The idea of rampant, out-of-control commercialism is visually represented in another fashion too. Shoppers can go to the “Galaxy Boutique” for shopping, soon after making landing, and the Moon Bar -- with dancers pretending to be space cowboys and the like -- could be something out of a modern Las Vegas revue: a lascivious show designed to efficiently separate you quickly from your hard-earned cash.
Moon Zero Two’s on-screen villain, Hubbard, is a businessman hoping to make a killing outside the confines of the law, furthering the film’s leitmotif about greed. He has killed Clementine’s brother so that when the jewel asteroid lands on his claim, he won’t be present – or alive – to dispute Hubbard’s ownership of the treasure. Hubbard knows that if he is to make a killing and be a player on the moon, he must act now, no matter the legality of his actions.
Outside of the social critique involving unfettered avarice in the new frontier, Moon Zero Two tries hard to make its case that Space = The American West.
In terms of theme, the reference certainly makes a degree of sense. Brave men and women risked everything to go West in the late 19th century, but were soon followed by a parade of railroad companies, banks, land magnates, and so on, who swooped in to establish civilization…but also control of the new territory.
In terms of Western touches, Moon Zero Two involves the wrangling -- the literal physical lasso-ing -- of satellites and asteroids (think steer wrangling...), features the futuristic equivalent of a stagecoach -- a Fargo Moon Buggy -- and highlights thieves, bandits and crooks attempting to steal legitimate claims on mineral riches. There’s even a (zero gravity) fight in the Moon City saloon, which reflects a generation of Western films, though the fight is poorly executed in terms of special effects.
Catherine Schell (here billed as Catherina Von Schell) also plays a very Western-sounding character, Clementine: an independent-minded woman who braves the frontier to find a missing family member. Years after Moon Zero Two, Schell returned to the frontier, of course, in Space: 1999 as Maya. If you were ever at a convention with Schell, you may remember her amusing words about working on Moon Zero Two, and her overall opinion of the production.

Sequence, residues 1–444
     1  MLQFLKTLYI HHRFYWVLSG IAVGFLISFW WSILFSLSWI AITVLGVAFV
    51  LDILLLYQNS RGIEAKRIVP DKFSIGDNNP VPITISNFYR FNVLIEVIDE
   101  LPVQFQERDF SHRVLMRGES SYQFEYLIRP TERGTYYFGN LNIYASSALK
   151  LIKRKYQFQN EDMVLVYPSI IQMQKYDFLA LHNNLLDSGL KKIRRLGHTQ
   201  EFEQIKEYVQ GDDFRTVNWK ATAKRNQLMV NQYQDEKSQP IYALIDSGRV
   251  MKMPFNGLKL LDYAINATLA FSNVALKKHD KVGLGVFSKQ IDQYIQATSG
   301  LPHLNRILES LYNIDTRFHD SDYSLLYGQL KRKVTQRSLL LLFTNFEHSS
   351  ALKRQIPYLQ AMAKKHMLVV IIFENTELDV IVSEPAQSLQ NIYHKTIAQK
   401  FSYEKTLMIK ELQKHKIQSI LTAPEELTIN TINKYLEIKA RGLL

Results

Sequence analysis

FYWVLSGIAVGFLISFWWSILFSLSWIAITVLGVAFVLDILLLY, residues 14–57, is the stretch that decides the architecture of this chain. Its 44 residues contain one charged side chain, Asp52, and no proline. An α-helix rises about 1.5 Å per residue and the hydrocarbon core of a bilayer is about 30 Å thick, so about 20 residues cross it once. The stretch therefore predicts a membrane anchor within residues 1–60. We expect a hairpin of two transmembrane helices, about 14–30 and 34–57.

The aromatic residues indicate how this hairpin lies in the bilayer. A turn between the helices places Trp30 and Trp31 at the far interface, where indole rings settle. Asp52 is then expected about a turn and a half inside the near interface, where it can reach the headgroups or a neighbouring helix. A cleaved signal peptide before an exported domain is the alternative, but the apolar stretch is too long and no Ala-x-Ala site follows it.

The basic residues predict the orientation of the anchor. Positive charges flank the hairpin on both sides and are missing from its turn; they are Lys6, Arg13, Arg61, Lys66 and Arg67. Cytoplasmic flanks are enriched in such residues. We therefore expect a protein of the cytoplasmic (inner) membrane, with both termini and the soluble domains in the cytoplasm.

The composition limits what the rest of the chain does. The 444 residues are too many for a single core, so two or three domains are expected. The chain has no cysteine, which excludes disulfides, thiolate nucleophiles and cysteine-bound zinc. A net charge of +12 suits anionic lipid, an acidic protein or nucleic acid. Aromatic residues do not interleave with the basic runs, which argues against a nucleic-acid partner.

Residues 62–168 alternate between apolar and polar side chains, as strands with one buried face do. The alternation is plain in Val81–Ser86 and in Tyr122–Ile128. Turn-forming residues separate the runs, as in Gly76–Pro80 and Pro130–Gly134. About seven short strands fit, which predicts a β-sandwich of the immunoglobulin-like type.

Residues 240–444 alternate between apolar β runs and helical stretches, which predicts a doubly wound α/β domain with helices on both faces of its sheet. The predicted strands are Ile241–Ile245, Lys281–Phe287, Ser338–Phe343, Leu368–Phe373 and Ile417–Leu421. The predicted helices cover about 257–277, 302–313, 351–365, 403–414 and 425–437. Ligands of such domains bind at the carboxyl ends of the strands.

The Western motif and the commentary on uncontrolled capitalism render Moon Zero Two worth watching, for certain, despite the admitted paucity of thrills. The special effects also boast a very distinctive look and feel, and will prove a source of enjoyment for space movie fans of a certain age (like myself).
All that established, however, the movie is never as intriguing or compelling as it could have been, and more often than not, the drama simply falls flat (which may be part of the reason the film was once featured on Mystery Science Theater 3000).
Even the film’s credit sequence -- a Schoolhouse Rock-styled cartoon depicting man’s history on the moon -- seems strangely out of place, a miscalculation that sets the wrong tone for what is essentially a humorless picture.
The rest of the movie has its ups and downs, to be certain, with the zero-gravity saloon fight standing out as one area where poor execution trumps a brilliant concept. But on the other hand, Catherine Schell strips down to her space undies in one scene, which for some viewers is absolutely a moment worth the price of an admission, or a rental…
So, how to parse Moon Zero Two, an ambitious but not very successful genre film?
Well, it certainly paved the way for other space westerns about the commercial pitfalls of the frontier (namely Outland), and features miniatures and production design that will strike your fancy if you are a fan of the works of Gerry Anderson, or Stanley Kubrick.
I suppose the film does work best as a time capsule. Almost unintentionally, Moon Zero Two reflects this innate optimism that we will be in space (and on the moon) in a serious way in our lifetimes. Even the cynicism about corporations and commercialism can’t undercut the essential optimism of that (apparently time-limited…) view-point.
So even though I acknowledge the film’s myriad flaws involving tempo and clarity, I also admire Moon Zero Two for absolutely believing in its own premise.
For a dream to come true, you have to believe in it first, and the space films of the 1960s, including Moon Zero Two, dreamed a great future for all of mankind. There would still be greed, there would still be crime, there would still be corporations...but the final frontier would also open before us...and mankind would grow.